Turn out, 2017 was a crazy year for data breaches. No one can forget the massive Equifax disaster, which exposed the sensitive information of millions of customers to cybercriminals around the world. And of course, there was the attack on the Republican National Committee which leaked personal data of over 200 million American voters. Oh, and don’t forget the executives at Uber who were forced to pay hackers $100,000 after some fierce ransomware took hold of their system and refused to return the data of over 200 million ride-sharing customers.
Indeed, the more we scrutinize the state of digital security in large enterprises, the more see that it doesn’t really exist—at least on the level it should. Successful attacks on giants like Kaspersky Lab, SVR Tracking, Whole Foods, and the U.S. Central Intelligence Agency (CIA), should be enough to prove this point. The effects of these breaches on big fish organizations has been so powerful, it’s forced them to stop blaming IT departments and finally assume a certain degree of responsibility.
The government has also noticed this trend and has subsequently started holding corporate enterprises accountable for their own cyber-preparedness through the establishment of stiffer regulations and compliance laws. For example, New York City now requires people in upper management positions to sign documents guaranteeing their organization’s compliance with the New York Department of Financial Services Cyber Security Regulation.
These regulations have been put in place to hold higher-ups accountable for their cybersecurity decisions, essentially forcing them to sit up and take notice of our new digital landscape. In the event of a breach resulting from negligence, the government can fault them for violating the false claims liability act. Corporate leaders must now be responsible for day-to-day concerns as well as those related to IT support, training, and preparedness.
Executives need to focus on more than just cybersecurity, they must also equip themselves to handle the fallout of a successful attack. The recent Equifax breach—and the failure of their executives to properly hand it—has made this a painful reality in the industry. By waiting a full two weeks to address or even admit the breach to the public or their stakeholders, Equifax demonstrated what real negligence looks like. As the social security numbers and credit card details of their customers swirled around their internet like confetti at a giant hacking convention, executives at Equifax quietly decided to sell some stock before picking up the phone to notify anyone.
More than just a simple IT department, organizations these days need to establish a larger body of digital preparedness. Not only do they need to raise awareness, but they should create a response plan tailored to meet the obstacles of an actual attack—when it’s happening, several hours afterwards, and many days following. This body must map out the chain of command and establish clear communication channels and timelines for such an incident. Setting clear guidelines on when stakeholders, the public, and the authorities are notified is critical. Further, they will need to coordinate with a third-party security company to investigate the cybercrime and ensure it does not happen again.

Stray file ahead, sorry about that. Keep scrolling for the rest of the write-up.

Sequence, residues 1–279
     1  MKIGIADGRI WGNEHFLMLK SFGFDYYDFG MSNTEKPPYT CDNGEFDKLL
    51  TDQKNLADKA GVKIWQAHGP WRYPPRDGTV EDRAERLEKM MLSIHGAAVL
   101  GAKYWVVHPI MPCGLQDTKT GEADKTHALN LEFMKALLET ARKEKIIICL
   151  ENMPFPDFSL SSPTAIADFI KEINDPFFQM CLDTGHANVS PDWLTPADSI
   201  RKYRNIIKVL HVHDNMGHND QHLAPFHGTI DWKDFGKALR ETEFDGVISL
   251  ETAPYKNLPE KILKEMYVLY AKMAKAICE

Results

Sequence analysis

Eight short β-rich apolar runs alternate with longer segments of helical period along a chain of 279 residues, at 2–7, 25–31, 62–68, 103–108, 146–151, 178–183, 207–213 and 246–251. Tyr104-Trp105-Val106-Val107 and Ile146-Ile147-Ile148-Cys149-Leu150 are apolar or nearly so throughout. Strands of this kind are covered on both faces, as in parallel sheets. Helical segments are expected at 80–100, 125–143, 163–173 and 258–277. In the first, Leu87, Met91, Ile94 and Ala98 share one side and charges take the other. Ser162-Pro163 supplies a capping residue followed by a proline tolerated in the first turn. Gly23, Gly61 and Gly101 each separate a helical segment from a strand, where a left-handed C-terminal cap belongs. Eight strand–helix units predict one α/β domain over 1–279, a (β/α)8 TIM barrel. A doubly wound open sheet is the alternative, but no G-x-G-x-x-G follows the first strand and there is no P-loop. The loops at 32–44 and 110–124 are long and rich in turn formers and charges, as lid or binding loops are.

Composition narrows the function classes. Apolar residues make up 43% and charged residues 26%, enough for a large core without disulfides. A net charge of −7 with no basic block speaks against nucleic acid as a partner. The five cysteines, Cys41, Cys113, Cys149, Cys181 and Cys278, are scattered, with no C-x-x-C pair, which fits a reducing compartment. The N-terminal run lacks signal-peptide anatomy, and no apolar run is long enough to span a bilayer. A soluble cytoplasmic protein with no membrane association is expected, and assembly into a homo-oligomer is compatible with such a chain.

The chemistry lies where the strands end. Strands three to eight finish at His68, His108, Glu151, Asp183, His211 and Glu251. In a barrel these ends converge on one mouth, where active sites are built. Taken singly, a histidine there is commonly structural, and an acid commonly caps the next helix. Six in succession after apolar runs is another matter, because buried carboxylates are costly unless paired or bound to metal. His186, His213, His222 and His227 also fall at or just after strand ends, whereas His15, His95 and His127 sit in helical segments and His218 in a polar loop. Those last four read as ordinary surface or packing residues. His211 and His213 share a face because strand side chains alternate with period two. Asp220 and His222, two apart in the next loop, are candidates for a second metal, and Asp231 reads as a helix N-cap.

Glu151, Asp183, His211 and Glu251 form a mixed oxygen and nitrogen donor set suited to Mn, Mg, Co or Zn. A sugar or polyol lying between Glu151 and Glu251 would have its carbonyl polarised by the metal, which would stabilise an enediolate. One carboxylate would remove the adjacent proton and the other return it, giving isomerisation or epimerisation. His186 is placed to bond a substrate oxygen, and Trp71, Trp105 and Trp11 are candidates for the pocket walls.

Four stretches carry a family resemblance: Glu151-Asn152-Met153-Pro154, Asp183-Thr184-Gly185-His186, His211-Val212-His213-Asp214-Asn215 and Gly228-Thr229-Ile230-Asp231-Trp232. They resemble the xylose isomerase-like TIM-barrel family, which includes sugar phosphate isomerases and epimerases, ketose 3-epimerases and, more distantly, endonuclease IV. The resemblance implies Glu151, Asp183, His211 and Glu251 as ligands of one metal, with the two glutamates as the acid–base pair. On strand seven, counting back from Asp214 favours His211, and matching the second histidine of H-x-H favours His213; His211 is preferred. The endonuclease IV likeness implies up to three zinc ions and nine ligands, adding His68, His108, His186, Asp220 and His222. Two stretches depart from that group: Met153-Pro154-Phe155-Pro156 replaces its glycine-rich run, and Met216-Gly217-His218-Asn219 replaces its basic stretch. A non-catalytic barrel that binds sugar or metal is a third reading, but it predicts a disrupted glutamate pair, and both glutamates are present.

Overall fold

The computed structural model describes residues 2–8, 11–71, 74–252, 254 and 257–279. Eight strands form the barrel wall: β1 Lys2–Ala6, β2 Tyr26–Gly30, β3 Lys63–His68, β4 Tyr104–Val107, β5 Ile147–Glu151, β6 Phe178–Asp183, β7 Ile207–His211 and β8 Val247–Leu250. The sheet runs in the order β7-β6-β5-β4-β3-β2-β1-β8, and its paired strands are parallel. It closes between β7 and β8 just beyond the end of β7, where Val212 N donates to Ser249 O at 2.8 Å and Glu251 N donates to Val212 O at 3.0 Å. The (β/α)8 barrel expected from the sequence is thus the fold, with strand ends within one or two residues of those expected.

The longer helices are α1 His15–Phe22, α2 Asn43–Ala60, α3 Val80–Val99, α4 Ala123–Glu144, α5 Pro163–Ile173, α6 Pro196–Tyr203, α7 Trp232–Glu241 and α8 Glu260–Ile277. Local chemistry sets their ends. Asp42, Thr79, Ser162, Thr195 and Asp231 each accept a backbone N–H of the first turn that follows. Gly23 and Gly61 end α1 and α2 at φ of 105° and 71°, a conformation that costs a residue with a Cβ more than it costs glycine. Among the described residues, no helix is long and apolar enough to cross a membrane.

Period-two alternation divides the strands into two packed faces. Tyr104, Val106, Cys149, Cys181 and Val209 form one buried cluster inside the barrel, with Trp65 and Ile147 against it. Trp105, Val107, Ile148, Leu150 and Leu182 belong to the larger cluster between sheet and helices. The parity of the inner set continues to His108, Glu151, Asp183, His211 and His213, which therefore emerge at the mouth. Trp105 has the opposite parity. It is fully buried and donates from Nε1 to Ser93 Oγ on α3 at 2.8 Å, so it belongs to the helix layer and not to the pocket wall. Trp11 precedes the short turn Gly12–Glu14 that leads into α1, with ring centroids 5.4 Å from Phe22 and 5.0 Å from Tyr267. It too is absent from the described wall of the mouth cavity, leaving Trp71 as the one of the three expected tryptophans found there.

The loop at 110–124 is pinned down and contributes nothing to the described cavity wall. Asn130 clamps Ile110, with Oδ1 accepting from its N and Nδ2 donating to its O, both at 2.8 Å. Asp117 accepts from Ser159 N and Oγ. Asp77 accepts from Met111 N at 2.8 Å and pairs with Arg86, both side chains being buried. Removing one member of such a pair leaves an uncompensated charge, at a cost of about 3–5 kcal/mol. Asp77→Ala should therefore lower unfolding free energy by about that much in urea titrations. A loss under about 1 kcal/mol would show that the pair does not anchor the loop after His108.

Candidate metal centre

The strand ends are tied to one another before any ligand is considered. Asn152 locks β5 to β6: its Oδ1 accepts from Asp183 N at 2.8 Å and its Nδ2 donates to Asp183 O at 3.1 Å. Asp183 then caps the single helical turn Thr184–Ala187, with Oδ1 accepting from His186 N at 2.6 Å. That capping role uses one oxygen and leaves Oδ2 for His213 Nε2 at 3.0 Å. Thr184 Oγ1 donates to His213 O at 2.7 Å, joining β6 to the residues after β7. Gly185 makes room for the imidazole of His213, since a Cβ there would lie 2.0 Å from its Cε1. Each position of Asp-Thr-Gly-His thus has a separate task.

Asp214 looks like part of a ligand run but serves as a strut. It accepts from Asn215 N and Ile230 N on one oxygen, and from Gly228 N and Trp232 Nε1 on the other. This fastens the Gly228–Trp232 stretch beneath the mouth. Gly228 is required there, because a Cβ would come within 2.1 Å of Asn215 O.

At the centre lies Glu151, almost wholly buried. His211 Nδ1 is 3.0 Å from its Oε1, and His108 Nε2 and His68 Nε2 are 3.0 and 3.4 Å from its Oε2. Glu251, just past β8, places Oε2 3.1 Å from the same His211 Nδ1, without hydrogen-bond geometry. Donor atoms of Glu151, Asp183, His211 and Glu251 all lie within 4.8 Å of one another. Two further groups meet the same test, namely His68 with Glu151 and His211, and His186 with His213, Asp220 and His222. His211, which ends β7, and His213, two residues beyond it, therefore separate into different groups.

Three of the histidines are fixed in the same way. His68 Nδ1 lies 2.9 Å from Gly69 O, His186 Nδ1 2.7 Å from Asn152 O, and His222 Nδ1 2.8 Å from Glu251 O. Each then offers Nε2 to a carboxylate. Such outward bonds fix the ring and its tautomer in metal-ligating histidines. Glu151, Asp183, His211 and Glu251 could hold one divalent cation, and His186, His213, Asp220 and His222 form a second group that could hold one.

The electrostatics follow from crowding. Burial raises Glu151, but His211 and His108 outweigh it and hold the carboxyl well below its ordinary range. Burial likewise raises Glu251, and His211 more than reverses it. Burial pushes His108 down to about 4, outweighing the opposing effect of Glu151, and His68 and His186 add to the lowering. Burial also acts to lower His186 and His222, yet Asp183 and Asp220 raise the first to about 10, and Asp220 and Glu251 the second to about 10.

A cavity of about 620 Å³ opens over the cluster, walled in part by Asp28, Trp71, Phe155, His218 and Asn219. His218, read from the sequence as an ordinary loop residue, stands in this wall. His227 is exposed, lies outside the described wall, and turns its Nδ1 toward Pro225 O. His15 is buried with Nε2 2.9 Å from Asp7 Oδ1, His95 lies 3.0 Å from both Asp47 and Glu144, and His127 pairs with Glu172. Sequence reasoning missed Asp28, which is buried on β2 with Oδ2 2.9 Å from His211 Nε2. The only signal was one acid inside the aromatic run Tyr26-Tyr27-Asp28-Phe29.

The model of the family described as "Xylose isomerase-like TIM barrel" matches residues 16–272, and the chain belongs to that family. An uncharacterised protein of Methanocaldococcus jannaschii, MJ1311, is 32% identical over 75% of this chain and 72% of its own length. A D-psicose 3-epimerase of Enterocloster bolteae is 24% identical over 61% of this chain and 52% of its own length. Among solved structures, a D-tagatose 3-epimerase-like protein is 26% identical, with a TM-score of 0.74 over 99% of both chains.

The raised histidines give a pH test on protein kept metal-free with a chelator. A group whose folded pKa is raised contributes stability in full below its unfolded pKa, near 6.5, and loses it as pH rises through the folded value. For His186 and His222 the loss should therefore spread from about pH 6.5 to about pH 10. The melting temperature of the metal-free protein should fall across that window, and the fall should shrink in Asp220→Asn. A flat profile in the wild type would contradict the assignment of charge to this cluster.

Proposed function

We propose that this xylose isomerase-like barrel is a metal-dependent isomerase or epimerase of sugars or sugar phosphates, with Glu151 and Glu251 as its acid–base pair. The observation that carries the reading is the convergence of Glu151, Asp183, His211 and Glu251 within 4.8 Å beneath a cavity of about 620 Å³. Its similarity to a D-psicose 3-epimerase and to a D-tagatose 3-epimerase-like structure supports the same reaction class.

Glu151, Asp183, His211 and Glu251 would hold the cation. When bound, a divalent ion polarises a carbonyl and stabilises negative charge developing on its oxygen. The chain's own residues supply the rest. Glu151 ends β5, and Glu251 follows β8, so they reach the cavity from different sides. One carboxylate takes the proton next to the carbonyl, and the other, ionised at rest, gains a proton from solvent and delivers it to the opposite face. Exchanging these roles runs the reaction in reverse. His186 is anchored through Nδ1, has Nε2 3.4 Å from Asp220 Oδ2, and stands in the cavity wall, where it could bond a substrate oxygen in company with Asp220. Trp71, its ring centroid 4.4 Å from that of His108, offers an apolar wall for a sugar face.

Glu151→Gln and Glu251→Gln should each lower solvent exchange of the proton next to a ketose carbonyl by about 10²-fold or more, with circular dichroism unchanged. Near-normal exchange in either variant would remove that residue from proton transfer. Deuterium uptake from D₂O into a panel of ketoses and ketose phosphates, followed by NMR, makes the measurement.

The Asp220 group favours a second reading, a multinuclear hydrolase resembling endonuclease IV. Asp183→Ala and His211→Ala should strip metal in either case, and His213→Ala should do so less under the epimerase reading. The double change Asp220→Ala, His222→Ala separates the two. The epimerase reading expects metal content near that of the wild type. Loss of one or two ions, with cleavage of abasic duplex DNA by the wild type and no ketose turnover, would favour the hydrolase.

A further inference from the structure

In addition to establishing a proper threat response plan, executives also need to develop their own security practices and personal habits. And while they are busy educating their employees on the importance of digital security, they’ll need to implement an array of supportive measures to ensure everyone is doing their part to promote a truly defensive posture.
Understanding exploits from the past is useful for sure, but higher-ups must also prepare themselves for malware that has yet to be identified. That is arguable the biggest threat. The newest scam of spear phishing has been particularly effective because it tricks employees into corresponding with cybercriminals. Posing as top executives, these hackers are able to persuade workers to share industry secrets, passwords, and even to wire them money. Even though this may sound simple and easily detectable, many employees who thought they were getting instructions from their ”boss” did exactly as they were told.
Simple protocols like two-factor authentication or phone verifications can help mitigate these threats. Executives can definitely minimize identity theft and spear phishing by communicating more closely with employees and making sure some sort of confirmation step is available before any action is taken. Education is the best practice in these cases. Instead of delegating to IT techs on security matters, executives need to get down in the trenches and help their organization proactively prepare for what lies ahead. If they don’t, the aftermath is on them.